Except in the case of collectively bargained plans, the bill would require employers sponsoring a 401(k) plan to have, in addition to the regular one year of service requirement with the 1,000 hour of service rule, a new 3 consecutive years of service with at least 500 hours of service rule. In the case of employees who are eligible because of the new 3 year/500 hour rule, the employer is allowed to exclude such employees from testing under the nondiscrimination and coverage rules, and from the application of the top-heavy rules. This provision is designed to allow part-time employees who have worked for a company for three years to be able to make 401(k) contributions. This provision would have been more attractive if it had been combined with a repeal of the complex and unnecessary top heavy rules which only apply to small and mid-size plans. Hopefully, the regulations governing this new provision will be clear and not unduly burdensome to small business employers.
Section 113. Penalty-Free Withdrawals for Individuals in Case of Birth of Child or Adoption
This provision allows a $5,000 "qualified" birth or adoption distribution (except from defined benefit plans) without the imposition of the 10% early withdrawal tax.
Section 114. Increase in Age for Required Beginning Date for Mandatory Distributions
The bill would increase the Required Beginning Date for minimum distributions from age 70 1/2 to 72.
This is a favorable provision but does not go far enough - age 75 would have made more sense given the longevity being enjoyed by so many people. The revenue estimates should be balanced against the overall needs of retirement security by people who are living far longer than when this rule was first imposed. Also, this Section of the bill should have eliminated the discriminatory provision that requires only small business owners to take out distributions from the plan when they attain the age of 70 1/2 (soon to be 72), even if they are still working - when all other employees do not have to take distributions out until they stop working!
Section 201. Plans Adopted by Filing Due Date for Year May Be Treated as in Effect as of Close of Year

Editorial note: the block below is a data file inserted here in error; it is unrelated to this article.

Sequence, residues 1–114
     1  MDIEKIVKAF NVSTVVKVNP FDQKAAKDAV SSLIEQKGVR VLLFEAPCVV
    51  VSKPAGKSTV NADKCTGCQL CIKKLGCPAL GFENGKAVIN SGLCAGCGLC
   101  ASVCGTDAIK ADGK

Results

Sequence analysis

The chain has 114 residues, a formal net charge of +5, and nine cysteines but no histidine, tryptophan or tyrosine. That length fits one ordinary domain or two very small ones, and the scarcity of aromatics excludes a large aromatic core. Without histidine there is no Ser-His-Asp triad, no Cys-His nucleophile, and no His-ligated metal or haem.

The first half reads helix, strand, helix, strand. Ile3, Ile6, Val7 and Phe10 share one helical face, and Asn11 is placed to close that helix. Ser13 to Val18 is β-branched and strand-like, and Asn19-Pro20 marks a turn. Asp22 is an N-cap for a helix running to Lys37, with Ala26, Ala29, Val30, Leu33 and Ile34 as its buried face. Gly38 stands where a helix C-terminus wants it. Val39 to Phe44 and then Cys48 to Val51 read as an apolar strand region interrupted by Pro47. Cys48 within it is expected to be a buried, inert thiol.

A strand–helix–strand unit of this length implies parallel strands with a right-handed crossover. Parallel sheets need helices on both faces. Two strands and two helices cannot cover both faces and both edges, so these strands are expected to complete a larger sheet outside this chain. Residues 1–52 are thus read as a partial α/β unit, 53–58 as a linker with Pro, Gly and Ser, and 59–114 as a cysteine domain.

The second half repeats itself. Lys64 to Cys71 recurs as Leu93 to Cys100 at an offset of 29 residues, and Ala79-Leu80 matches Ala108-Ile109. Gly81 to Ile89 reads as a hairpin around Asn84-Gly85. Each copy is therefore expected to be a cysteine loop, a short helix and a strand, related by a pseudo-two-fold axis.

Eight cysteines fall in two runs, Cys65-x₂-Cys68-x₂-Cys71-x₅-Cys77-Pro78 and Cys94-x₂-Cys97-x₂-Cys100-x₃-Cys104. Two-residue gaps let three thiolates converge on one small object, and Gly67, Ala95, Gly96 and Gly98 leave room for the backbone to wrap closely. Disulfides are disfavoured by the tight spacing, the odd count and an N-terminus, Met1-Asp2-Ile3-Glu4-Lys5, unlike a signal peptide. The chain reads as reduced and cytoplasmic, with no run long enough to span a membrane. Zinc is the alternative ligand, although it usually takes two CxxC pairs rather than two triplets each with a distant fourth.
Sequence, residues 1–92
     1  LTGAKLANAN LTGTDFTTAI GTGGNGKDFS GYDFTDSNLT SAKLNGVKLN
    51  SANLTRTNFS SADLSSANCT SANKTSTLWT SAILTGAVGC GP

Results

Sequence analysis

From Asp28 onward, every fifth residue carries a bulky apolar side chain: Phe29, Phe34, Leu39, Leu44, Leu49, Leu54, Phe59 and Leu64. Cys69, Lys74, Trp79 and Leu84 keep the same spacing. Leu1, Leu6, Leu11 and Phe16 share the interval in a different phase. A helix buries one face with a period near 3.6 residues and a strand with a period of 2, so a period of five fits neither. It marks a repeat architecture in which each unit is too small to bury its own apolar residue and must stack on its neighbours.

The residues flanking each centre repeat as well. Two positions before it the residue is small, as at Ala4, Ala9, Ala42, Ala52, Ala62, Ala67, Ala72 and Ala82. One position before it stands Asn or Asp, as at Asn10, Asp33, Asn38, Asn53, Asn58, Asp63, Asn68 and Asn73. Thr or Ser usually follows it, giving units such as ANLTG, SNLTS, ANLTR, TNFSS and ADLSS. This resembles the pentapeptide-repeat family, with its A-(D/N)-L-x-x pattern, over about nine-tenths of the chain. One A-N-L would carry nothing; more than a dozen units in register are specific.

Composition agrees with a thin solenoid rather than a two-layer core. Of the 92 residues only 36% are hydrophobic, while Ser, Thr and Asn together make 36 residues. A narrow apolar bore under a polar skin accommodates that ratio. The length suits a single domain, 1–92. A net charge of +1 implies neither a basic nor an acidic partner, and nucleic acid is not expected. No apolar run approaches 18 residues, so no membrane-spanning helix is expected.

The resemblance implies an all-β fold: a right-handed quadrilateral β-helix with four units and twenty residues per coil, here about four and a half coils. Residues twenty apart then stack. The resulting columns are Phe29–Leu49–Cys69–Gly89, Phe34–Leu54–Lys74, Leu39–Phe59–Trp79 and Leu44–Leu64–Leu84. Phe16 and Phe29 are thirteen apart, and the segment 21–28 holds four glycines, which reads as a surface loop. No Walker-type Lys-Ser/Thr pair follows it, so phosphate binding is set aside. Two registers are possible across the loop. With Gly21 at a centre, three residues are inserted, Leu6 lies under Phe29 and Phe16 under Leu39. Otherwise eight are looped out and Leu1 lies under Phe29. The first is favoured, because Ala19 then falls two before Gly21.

Today a retirement plan must be adopted by the last day of a given plan year to be effective for that year. This provision of the bill would allow a plan to be adopted before the due date (including extensions) of the tax return for the taxable year to be effective to the beginning of that particular year. This is a favorable provision since it will allow small business owners more time to decide if they should adopt a plan in a given year.
Section 202. Combined Annual Reports for Group of Plan
The Ways and Means summary of the SECURE Act for this section states: "The legislation directs the IRS and DOL to effectuate the filing of a consolidated Form 5500 for similar plans. Plans eligible for consolidated filing must be defined contribution plans, with the same trustee, the same named fiduciary (or named fiduciaries) under ERISA, and the same administrator, using the same plan year, and providing the same investments or investment options to participants and beneficiaries. The change will reduce aggregate administrative costs, making it easier for small employers to sponsor a retirement plan and thus improving retirement savings."
Section 203. Disclosure Regarding Lifetime Income
The bill would require that benefit statements provided to defined contribution plan participants include a lifetime income disclosure at least once during any 12-month period. The disclosure would illustrate the monthly payments the participant would receive if the total account balance were used to provide lifetime income streams, including a qualified joint and survivor annuity for the participant and the participant's surviving spouse and a single life annuity. The Secretary of Labor would be directed to develop a model disclosure. Disclosure in terms of monthly payments are intended to provide useful information to plan participants in correlating the funds in their defined contribution plan to lifetime income. Plan fiduciaries, plan sponsors, or other persons will have no liability under ERISA solely by reason of the provision of lifetime income stream equivalents that are derived in accordance with the assumptions and guidance under the provision and that include the explanations contained in the model disclosure.